The James McMichael Journal, June 11, 1777–September 11, 1777

The Nation Makers painted by Howard Pyle in 1903 and published in Collier's Weekly in 1906. The original work was purchased by the Brandywine River Museum.

Editor’s Note: This is part three of a five-part series. Part one. Part two.

The portion of James McMichael’s journal covering June 11 through September 11, 1777,[1] finds our hero with his bride Susanna whom he had left to see on May 31. McMichael did not return to duty until June 13. While the army was in New Jersey he snuck away for several nights to be with her. When ordered to search for deserters on July 11, he delayed the search to dally with his “dear Creature.”

While on his apparently unsuccessful search for deserters, he encountered the German-speaking people of Berks and Northampton Counties whom he described as “like so many human beings scarcely endowed with the Qualifications Equal to that of the brutal Species.” Here too, he delayed to spend another week with his wife instead of returning to duty.

He then detailed the events leading up to and including the Battle of Brandywine where Capt. John Marshall was wounded. Although he doesn’t explicitly say so, McMichael does refer to “my Division” after the loss of Marshall, so we can assume that McMichael probably took command of the men after Marshall was incapacitated.

June 11th Having now Remained as Long as time wou’d admit I was necessitated to take leave of my Susanna at 9 oClock A.M. I Crossed Delaware at Noon and proceeding through Bristol and Over Shammeny I lodged within 12 miles of Philada—But being then denied my Desired Compy. I past the night restless—

12 When Phoebus had Guilded the Horizon I left my Quarters, and arived at Philada. at Noon—where I had the happiness of Meeting with my worthy friends Viz Colo. Farmer and Captn. Marshall and so passed the Afternoon in Jolitry—

13 I Embarked for Fort Mercer at 9 oClock A. M—and reached the Desired place at noon—Where I had the happiness of associating with my old Friends—

June 14th We were much alarmed with a heavy Cannonade in the night and recd. intelligence in the Evening that the Enemy were advancing for this place, we recd. Orders to march next Day which was to me very pleasing as I hoped to be somewhat nearer to Susanna, by Our movement.—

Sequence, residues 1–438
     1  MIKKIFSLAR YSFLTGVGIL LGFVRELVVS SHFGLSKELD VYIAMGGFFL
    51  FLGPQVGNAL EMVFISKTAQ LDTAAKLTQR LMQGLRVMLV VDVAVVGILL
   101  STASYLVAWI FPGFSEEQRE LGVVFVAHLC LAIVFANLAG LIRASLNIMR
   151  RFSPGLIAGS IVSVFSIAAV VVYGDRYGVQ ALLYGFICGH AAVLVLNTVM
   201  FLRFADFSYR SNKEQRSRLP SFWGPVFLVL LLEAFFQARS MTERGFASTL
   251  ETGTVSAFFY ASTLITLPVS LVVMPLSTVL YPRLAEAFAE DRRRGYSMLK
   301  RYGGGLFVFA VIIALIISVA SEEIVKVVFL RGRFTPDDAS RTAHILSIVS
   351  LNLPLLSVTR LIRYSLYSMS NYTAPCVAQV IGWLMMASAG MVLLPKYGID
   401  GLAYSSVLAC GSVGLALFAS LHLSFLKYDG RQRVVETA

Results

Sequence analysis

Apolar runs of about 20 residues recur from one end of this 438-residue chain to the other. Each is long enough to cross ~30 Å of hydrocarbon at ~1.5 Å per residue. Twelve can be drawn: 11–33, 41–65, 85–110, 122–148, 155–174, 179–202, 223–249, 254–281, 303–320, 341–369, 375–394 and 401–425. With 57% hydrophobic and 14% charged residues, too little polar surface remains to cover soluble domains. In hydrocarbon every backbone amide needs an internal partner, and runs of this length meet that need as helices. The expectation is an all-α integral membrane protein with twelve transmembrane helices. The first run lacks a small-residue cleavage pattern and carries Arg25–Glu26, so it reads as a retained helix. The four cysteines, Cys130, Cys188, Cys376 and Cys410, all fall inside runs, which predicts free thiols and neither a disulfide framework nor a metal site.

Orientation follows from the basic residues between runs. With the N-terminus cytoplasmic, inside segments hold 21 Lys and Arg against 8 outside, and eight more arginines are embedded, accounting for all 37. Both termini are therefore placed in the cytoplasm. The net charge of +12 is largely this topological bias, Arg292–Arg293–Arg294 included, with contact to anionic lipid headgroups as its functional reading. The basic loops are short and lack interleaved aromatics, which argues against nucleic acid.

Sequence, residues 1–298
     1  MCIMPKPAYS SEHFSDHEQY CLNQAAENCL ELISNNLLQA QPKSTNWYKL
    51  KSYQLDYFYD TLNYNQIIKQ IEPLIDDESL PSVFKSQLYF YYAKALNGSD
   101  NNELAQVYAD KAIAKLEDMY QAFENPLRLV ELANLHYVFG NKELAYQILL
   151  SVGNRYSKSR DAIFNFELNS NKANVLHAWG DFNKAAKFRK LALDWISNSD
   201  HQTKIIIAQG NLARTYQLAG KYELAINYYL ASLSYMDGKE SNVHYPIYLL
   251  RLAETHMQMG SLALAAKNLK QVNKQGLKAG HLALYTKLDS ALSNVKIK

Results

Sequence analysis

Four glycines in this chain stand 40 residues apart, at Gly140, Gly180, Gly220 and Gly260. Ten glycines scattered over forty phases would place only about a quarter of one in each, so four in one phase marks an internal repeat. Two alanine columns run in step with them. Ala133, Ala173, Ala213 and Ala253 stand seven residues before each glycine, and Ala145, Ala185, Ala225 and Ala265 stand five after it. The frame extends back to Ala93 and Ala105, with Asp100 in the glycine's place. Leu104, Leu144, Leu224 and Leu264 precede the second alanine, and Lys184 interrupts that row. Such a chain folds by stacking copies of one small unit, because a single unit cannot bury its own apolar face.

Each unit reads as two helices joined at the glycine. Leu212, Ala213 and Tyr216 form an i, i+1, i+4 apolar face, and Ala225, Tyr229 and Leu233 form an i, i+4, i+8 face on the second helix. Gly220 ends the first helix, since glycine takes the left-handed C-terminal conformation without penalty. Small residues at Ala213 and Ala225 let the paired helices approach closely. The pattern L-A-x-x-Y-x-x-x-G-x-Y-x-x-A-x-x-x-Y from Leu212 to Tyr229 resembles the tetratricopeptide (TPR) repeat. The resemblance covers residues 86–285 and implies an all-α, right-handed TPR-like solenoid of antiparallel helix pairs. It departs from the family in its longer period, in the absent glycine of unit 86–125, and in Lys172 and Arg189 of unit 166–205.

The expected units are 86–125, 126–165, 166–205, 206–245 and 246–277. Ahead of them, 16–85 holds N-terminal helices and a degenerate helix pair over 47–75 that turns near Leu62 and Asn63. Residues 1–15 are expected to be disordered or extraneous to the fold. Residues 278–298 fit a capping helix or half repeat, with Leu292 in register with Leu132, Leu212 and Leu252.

15th. We marched from Fort Mercer at 2 oClock P.M. at 4 oClock we Crossed the ferry the Gloucester Point and at 7 we reached Philada where we recd. orders to be ready to march next Day for Camp in order to meet the Enemy who, we were informed Lay at Somerset Courthou[se].

June 16th. The time having now Commenced that we were to receive a positive Answer to our late Memorial against Colo. Bull we at Noon had a meeting of all the Officers of the Regt. when Captn. Moore Captn. Robb Lt. Finly and I were chosen as a Committee to treat with the Executive Council of the matter But we got but small satisfaction, in Consequence of which we returned fully Determined to resign rather than be Commanded by Colo. Bull—[2]

17th. At 10 oClock A.M. we appointed a rendezvous of the Officers at Elbow Lane when we set to write our resignations I was one of the writers and wrote my own Resignation with 16 more and we then marched for the State hous to deliver them when we were stopped by Colo. Farmer who gave us the pleasing news that Colo. Bull was not to Command us, and that Colo. Steuart was appointed Colo. Farmer farther informed us that Colo. Steuart requested all the Officers of the Regt. to meet him at 4 oClock P.M. at the City Tavern—we immediately repaired to our Quarters where we Dressed ourselves and at the time appointed we waited on Colo. Steuart to our great satisfaction Reciprocally when having Drank some Gallons of Madeira we returned to our Lodging much Satisfied—[3]

June 18th. We paraded at 4 oClock P.M. and after passing Muster we recd. Marching orders to be in readiness at any warning.

20th. At 10 oClock A.M. we paraded and marchd to the State house, thence to Genl. Gates’s Quarters, thence to Genl. Mifflin’s and then returned to the Barracks where Colo. Walter Stewart returned us his thanks in a very polite manner for our behaviour during our march through Town